Metrc Announces Cannabis Track-and-Trace Contract With Kentucky

Metrc is the latest development for Kentucky’s growing medical cannabis program, which is set to begin in January 2025.

The track-and-trace software Marijuana Enforcement Tracking Reporting Compliance (Metrc) is one of the most popular options for states to monitor cannabis plants from seed to sale. It currently serves a handful of regions in the U.S., including 22 states (including 2 separate contracts in Colorado), as well as the District of Columbia and Guam.

On Feb 21, Metrc announced that it has officially agreed on a new contract with the state of Kentucky. Citing Kentucky Gov. Andy Beshear’s signing of Senate Bill 47 in March 2023, which is set to take effect on Jan. 1, 2025, the state is currently working on establishing its regulatory framework in anticipation of that deadline. “Tasked with developing and implementing regulations for the Kentucky Medical Cannabis Program, the Cabinet for Health and Family Services aims to ensure Kentuckians suffering from serious medical conditions have safe, affordable access to medical cannabis, achieved via a commitment to evidence-based practices, transparency, outreach and education,” Metrc explained in a press release.

Metrc CEO Michael Johnson expressed his pride in Metrc being used in Kentucky. “As Kentucky works to establish its medical cannabis market, we are thrilled to have the opportunity to launch the state’s first-ever track-and-trace program,” Johnson said. “Our team at Metrc looks forward to working alongside the Cabinet for Health and Family Services to build a regulatory framework that will create a marketplace with the strongest foundation, where patients are guaranteed safe consumption and licensees are provided an environment to thrive.”

The service records all information about legal plants, such as “origin, testing results, handling, and chain-of-custody” using an RFID tag. The information can be accessed by state regulators but is also beneficial to dispensary operators to help manage their inventory, and track sales and cultivation data.

Metrc noted that it has a “particular presence in the South” part of the U.S., including Alabama, Louisiana, Mississippi, West Virginia, and now Kentucky, which marks its 25th government contract. According to the Metrc website, the company states that its “Total events logged in Metrc” is currently at 5,622,330,903, and its total value of sales monitored equates to $31,230,700,515.

The initial passage of the medical cannabis bill in Kentucky in March 2023 allows patients suffering from cancer, multiple sclerosis, chronic pain, epilepsy, chronic nausea, and post-traumatic stress disorder. “Kentuckians with qualified medical conditions can continue to seek relief with medical cannabis by going out of state and following all those conditions that you need to carefully read in the executive order,” Beshear said in March after passing SB-47. “All Kentuckians with qualifying medical conditions deserve a chance at a brighter, pain-free future, without ever having to turn to opioids. We know what those did to our state.”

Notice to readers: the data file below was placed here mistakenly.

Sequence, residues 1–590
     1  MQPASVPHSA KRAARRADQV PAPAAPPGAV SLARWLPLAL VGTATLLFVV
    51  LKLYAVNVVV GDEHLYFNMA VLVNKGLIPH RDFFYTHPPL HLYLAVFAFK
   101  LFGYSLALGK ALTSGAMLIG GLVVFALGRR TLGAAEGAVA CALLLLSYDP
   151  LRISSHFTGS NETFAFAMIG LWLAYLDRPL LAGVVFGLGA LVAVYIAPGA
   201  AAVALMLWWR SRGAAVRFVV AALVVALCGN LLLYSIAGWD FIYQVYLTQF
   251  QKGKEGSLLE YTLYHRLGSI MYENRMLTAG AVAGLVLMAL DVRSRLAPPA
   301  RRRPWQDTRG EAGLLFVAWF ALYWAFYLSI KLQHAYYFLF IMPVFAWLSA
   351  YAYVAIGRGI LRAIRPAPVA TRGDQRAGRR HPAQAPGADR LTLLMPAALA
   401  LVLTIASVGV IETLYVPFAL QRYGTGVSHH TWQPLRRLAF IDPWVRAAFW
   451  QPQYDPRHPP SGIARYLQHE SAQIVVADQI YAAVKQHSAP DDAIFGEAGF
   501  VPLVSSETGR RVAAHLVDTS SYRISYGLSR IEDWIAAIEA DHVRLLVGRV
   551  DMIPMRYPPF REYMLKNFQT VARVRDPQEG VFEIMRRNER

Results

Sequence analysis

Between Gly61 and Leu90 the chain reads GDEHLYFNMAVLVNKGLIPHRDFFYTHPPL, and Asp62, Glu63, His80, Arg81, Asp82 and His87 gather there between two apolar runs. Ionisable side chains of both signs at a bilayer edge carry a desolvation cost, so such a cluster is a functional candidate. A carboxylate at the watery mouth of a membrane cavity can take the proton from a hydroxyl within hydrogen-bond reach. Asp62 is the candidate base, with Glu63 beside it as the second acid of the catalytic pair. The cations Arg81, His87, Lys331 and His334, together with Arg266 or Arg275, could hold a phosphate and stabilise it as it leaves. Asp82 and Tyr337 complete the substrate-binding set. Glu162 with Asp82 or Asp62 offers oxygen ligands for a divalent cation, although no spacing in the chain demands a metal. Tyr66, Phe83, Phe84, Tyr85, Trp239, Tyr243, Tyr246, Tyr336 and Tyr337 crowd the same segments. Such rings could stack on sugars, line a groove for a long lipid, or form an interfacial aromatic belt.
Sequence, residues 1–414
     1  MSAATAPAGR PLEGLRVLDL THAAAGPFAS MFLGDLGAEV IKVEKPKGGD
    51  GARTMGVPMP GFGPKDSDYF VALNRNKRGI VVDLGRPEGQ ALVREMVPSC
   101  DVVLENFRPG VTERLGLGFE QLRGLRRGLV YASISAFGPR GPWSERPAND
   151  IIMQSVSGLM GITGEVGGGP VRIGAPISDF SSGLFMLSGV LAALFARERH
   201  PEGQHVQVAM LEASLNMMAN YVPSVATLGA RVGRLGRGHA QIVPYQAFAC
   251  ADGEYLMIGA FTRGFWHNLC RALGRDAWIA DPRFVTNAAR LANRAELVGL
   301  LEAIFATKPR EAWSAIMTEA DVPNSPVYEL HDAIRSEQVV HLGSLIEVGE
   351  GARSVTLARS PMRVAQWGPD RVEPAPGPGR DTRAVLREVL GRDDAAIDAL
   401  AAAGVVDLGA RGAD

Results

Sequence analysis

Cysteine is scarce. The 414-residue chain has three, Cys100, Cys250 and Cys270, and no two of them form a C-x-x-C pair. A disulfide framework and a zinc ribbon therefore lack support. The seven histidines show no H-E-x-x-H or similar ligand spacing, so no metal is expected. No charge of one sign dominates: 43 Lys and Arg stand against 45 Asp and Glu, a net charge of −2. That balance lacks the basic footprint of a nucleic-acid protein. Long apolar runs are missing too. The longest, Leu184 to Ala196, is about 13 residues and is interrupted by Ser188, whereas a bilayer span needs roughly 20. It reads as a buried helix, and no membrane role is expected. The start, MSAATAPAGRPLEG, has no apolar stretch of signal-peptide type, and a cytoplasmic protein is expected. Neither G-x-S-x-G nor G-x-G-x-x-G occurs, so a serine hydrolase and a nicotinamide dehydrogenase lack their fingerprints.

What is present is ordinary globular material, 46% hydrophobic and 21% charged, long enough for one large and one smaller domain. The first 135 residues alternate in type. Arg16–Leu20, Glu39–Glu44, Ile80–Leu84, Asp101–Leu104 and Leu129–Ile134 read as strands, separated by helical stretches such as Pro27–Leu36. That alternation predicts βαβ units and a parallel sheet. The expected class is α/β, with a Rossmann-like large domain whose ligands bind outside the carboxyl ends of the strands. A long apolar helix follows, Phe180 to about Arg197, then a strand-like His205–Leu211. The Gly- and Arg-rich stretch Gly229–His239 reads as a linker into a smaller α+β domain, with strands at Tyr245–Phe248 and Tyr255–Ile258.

Last October, Beshear provided an update on the state’s medical cannabis program. “We have established the Medical Cannabis Program, which is the office that is going to do this work, as part of the Cabinet for Health and Family Services,” said Beshear. “The office is preparing to communicate the implementation of this law with a new website that went live today. So, moving forward, you can get updates on the implementation through”

SB-47 also calls for the creation of the Team Kentucky Medical Cannabis Workgroup, the purpose of which is to study medical cannabis policy, and is composed of government representatives, as well as individuals from law enforcement, agricultural, and healthcare backgrounds.

One of the last updates from Beshear was in January, when he stated that the law was made to provide “relief to Kentuckians with severe medical conditions,” and should be expanded upon to include more conditions. He mentioned an additional list of conditions that should also qualify, including ALS or Lou Gehrig’s disease, Parkison’s disease, Crohn’s disease, sickle cell anemia, cachexia (wasting syndrome), neuropathies, severe arthritis, hepatitis C, fibromyalgia, muscular dystrophy, Huntington’s disease, HIV, AIDS, glaucoma, and terminal illnesses. “This is a crucial set,” Beshear explained. “While the legislation referenced several qualifying conditions, it left others out.”

Medical cannabis isn’t the only focus in Kentucky, as some legislators are continuing to push for adult-use. Rep. Nima Kulkarni introduced adult-use legislation in January 2023 which would have allowed voters to approve cannabis use, possession, and home cultivation. “For decades, the failed and irrational War on Drugs has ensured that we have arrested, prosecuted and jailed millions of Americans for low level nonviolent drug offenses,” Kulkarni said at the time. “We have the chance to move forward in a way that makes sure that Kentuckains struggling with pain, with trauma, with opioid addiction, are able to access cannabis without fear of jail or a criminal record.”

In January 2024, Kulkarni introduced House Bill 72, which would legalize adult-use cannabis and allow cannabis use, possession and home cultivation, but not sales. As of Feb 23, there have been no further updates for this bill.

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